By Matt Smith,
Elberton, Georgia (CNN) -- In the beginning, there was the stone.
The blue-gray vein of granite that courses through northeastern Georgia spawned jobs in the quarries and finishing sheds of Elberton, where generations of stonecutters have turned slabs of rock the size of refrigerators into statues, tombstones and tile.
And one day, it brought a visitor who gifted the town with a landmark that leaves visitors scratching their heads decades later.
The nearly 20-foot high series of granite slabs known as the Georgia Guidestones are inscribed with a series of admonitions for a future "Age of Reason." Billed as "America's Stonehenge," it's an astronomically complex, 120-ton relic of Cold War fears, built to instruct survivors of an Armageddon that the mystery man feared was all too near.
The identity of the man who called himself "R.C. Christian" is a secret that Wyatt Martin, the banker who acted as his agent in Elberton, vows to take to his grave.
"He told me, 'If you were to tell who put the money up for this, it wouldn't be a mystery any more, and no one would come and read it.' That had to be part of the attraction, to get people to come and read his 10 rules that he came up with," Martin said.
People in Elberton, about 100 miles east of Atlanta, are proud of their eccentric landmark. But 30 years after its dedication, it has drawn the attention of a new generation of conspiracy theorists with very different fears.
"There are a lot of people who don't feel about it the same way we do," said Phyllis Brooks, president of the Elbert County Chamber of Commerce.
The four vertical slabs that dominate the Guidestones are inscribed back and front with Christian's 10 principles, each side in a different modern language. The capstone is inscribed in the alphabets of early human civilizations -- Egyptian hieroglyphics, Babylonian cuneiform, Sanskrit and classical Greek.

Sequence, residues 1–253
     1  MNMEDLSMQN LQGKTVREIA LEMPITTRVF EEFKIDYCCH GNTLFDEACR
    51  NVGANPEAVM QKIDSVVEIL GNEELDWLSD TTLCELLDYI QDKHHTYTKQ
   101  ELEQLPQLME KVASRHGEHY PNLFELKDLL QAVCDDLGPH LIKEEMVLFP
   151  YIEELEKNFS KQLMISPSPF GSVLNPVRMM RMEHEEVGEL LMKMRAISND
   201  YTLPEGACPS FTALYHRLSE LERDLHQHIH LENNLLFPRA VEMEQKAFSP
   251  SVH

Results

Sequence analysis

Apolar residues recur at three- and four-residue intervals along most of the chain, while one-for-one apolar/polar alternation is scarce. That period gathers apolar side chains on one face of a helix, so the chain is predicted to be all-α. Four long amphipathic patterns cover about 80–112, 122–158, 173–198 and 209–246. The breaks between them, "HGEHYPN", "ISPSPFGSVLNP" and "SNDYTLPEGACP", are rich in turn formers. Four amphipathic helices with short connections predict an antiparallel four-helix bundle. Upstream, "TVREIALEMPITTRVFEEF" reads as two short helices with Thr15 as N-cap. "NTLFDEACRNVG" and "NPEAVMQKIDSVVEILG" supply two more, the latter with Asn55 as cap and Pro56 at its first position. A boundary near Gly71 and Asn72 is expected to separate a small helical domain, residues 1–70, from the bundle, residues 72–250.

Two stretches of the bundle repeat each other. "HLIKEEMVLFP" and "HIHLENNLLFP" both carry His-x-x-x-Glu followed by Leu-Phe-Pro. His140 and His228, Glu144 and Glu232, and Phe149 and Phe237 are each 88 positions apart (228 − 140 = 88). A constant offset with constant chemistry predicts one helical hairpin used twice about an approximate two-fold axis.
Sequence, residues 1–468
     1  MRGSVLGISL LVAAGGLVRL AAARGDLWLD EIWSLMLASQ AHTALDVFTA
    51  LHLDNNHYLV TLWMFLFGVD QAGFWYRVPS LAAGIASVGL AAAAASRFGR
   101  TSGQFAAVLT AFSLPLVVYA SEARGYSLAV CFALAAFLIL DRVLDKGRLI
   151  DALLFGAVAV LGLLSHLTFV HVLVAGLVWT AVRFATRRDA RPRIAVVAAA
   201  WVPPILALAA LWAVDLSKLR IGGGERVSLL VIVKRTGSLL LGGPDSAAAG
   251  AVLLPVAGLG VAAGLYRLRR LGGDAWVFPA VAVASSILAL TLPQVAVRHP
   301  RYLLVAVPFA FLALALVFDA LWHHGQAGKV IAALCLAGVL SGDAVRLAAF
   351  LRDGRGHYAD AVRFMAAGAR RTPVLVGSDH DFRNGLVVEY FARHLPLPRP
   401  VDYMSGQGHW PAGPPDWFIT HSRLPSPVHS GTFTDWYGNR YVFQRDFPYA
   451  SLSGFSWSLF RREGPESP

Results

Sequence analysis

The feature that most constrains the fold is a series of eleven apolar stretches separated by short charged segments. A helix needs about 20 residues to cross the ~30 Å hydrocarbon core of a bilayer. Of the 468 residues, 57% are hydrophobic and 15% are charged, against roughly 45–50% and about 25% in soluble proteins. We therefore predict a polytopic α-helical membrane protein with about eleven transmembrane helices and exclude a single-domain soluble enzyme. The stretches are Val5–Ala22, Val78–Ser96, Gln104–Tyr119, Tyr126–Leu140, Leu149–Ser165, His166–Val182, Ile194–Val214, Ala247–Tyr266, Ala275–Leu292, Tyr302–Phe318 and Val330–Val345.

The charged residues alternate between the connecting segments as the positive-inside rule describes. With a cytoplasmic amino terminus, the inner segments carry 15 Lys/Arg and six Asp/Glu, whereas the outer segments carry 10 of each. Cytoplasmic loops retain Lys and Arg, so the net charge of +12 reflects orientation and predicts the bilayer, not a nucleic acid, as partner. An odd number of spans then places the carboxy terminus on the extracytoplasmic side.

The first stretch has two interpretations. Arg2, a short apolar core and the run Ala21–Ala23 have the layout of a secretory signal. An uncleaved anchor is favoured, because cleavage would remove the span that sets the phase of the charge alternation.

The center column has a slot through which the transit of the sun throughout the seasons can be observed, while a hole higher up focuses on Polaris, the north star. Another hole in the capstone focuses a beam of sunlight onto the central pillar at noon. Those features would allow the survivors of Christian's feared apocalypse to reproduce three of the basic tools of civilization: the calendar, clock and compass.
Loris Magnani, an astronomy professor at the University of Georgia, questions how useful the Guidestones would be to survivors of civilization-ending cataclysm. The devices incorporated into the stones are "relatively easy stuff" that most human societies have developed early in their histories, he said.
"Don't get me wrong. As a monument, it's fine. There's nothing wrong with doing that," Magnani told CNN. But he added, "Every decent civilization going back to a couple of millennia before Christ has figured this out. How to make gasoline? Now that would be useful."
But it's the written messages of the Guidestones that have drawn the most criticism.
Most are innocuous, calling on readers to rule their passions with "tempered reason," avoid "petty laws and useless officials" and "prize truth, beauty, love ... seeking harmony with the infinite." They end with the advice, "Be not a cancer on the Earth -- leave room for nature."
But the first two -- which call for limiting human population to half a billion, less than 10 percent of today's numbers, and guiding reproduction "wisely" -- have led some to call the Guidestones a call to genocide and the "Ten Commandments of the Antichrist."